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Who else but the Supreme Court?

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March 11, 2005 12:53 IST

Room 46 in the West Bengal legislative assembly complex is called the 'Bejoy Kumar Banerjee Hall.' Few would recognise his name today but 38 years he made the headlines in every Indian newspaper. What he said and did in 1967 are relevant to the events of today.

The West Bengal of 1967 presented as confused a picture as the Goa, Jharkhand, and Bihar of today, no party having won a clear majority in the assembly election. Ajoy Kumar Mukherjee, leader of a group of Congress defectors, joined hands with the Marxists to form the United Front. The coalition ministry was involved in a running battle with Governor Dharam Vira from the first. It did not last very long, the exasperated governor kicking out the United Front to install the Progressive Democratic Alliance that was led by Dr P C Ghosh.

It was at this point that Speaker Bejoy Kumar Banerjee entered the picture. The Speaker refused to recognise the new regime, ruling it was the exclusive power of the House to make and unmake ministries. Efforts to do so behind the back of the assembly were, he declared, unconstitutional and invalid. The P C Ghosh ministry threw in the towel, there was a bout of President's Rule, and the Ajoy Mukherjee-led United Front returned in 1969.

Many think that politicians should be barred from becoming governors. It may interest them to know that Dharam Vira was no politician, he had been one of India's most distinguished civil servants, efficient and incorruptible. He was genuinely concerned about the deteriorating situation in West Bengal; the Ajoy Mukherjee ministry was so spectacularly incompetent that the chief minister once sat on a dharna outside Writers Building against his own government! But the Speaker was equally correct in upholding the authority of the assembly.

Both Dharam Vira and Bejoy Kumar Banerjee could legitimately claim that they were working in West Bengal's best interests. Nobody would buy that excuse from Governor S C Jamir, the former Speaker Vishwas Satarkar, and Speaker Pro-tem Francisco Sardinha. Does anyone think S C Jamir had no role to play in the fall of the BJP-led Manohar Parikkar ministry? Speaker Satarkar sought to counter this by disqualifying an MLA just before a crucial vote in the assembly.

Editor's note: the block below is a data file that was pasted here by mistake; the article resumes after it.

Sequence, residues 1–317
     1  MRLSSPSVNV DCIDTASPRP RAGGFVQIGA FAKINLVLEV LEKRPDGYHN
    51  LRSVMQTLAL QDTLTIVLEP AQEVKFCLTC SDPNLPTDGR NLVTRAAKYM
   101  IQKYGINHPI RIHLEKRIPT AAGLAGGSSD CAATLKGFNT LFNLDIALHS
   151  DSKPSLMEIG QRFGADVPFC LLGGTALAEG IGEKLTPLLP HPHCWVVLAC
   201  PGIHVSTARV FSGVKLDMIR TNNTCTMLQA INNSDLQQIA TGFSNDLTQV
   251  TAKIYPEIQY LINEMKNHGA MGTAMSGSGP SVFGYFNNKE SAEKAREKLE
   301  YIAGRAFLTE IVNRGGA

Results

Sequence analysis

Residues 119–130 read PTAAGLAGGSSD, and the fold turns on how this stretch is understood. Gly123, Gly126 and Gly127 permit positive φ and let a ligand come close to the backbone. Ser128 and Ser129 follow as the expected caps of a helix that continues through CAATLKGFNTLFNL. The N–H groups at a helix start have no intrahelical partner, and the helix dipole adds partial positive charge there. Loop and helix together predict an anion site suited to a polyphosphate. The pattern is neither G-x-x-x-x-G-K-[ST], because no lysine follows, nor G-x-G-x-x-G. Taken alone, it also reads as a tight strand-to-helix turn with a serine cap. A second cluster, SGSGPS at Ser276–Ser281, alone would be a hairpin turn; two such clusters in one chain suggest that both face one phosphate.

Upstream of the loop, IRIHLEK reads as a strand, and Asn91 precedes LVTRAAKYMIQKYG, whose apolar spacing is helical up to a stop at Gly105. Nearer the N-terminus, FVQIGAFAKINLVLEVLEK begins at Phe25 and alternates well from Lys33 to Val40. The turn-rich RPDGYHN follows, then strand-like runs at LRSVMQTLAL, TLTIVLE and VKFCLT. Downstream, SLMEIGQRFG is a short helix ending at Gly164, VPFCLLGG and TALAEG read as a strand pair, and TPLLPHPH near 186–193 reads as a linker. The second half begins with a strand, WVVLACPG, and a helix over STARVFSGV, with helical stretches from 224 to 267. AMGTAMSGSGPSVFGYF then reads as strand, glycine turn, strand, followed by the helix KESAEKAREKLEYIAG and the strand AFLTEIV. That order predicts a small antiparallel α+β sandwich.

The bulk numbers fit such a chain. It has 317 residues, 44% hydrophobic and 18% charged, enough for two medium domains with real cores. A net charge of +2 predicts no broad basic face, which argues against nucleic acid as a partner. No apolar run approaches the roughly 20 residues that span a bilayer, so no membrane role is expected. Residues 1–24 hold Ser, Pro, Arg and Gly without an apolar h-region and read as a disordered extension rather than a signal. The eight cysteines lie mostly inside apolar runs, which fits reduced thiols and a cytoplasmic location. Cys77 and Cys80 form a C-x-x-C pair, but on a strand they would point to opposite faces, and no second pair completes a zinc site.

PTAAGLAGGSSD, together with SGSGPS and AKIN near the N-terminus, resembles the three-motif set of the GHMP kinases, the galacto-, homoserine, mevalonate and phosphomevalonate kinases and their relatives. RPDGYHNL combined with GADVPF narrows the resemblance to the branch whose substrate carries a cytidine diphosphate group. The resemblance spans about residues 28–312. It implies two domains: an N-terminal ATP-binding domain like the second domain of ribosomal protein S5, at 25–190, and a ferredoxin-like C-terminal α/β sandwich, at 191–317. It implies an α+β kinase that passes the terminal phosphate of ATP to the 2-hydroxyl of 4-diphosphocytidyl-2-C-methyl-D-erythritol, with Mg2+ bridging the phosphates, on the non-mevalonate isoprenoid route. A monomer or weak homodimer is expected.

Finally, Speaker Pro-tem Sardinha stretched the powers of his post to the limit by ordering the ouster of an MLA from the BJP side.

Jharkhand trust vote on March 11 

Stop this nonsense about our great democracy!

The sad part is that it was actually politics as usual up to the point where Francisco Sardinha entered. S C Jamir is scarcely the first governor to be partial to one party. There are even precedents of a Speaker playing fast and loose with the rules. (The governor would have been justified in recommending President's Rule after Satarkar's timely disqualification of the pro-Congress Philip Neri Rodrigues.) But what the Speaker Pro-tem did was in a class of its own. It opened the door to manipulation on a different scale.

Every assembly -- even the Lok Sabha come to that -- starts proceedings with a Speaker Pro-tem being nominated. That nomination is the gift of the executive wing, not of the legislature. Imagine what might happen if other Speakers Pro-tem follow Sardinha to disqualify 'inconvenient' members. You could face a situation where an electoral verdict is overthrown before all the legislators have time to read the oath.

A governor serves at the pleasure of the President. A Speaker is elected by the legislature over which he presides, and he may be removed by its members. But who is to check abuse of power by a Speaker Pro-tem? Sitaram Yechury says the Left disapproves of all legislative problems being dumped into the judiciary's lap. In principle he is correct but who else can lay down the law to prevent the disgusting antics we saw in Goa?

The Supreme Court stepped in to tell Governor Syed Sibtey Razi that it was setting a date for the vote of confidence in the Jharkhand assembly. It told 'Chief Minister' Soren that he could not have one of his pets sitting there as a nominated Anglo-Indian member. I pray that it also lays down broad guidelines on the powers of a Speaker Pro-tem.

The marauders of democracy

But what of those Speakers, properly elected and not serving pro-tem, who act as tools of the executive wing? The position of a Speaker were spelt out on January 4, 1642 when King Charles I came in person to arrest five MPs from the House of Commons. Not finding them, he asked the Speaker where they were. William Lenthall, famously replied, 'I have neither eyes to see nor tongue to speak in this place but as this House is pleased to direct me, whose servant I am here.' Speaker Bejoy Kumar Banerjee was man cast in the same iron mould; others, I am afraid, have been far more accommodating to the executive branch.

I recall something Dr Ambedkar said long ago. After pointing several perceived flaws in the Constitution, his interlocutor asked Babasaheb how long such a body of laws could last. He replied soberly, 'Good men can make even bad laws Work to the common benefit, but bad men will abuse even the best Constitution.' In the ultimate analysis, it is for us voters to see that only the best people get elected. If we are swayed by prejudice then let us resign ourselves to more Satarkars and Sardinhas.

Assembly Election 2005

T V R Shenoy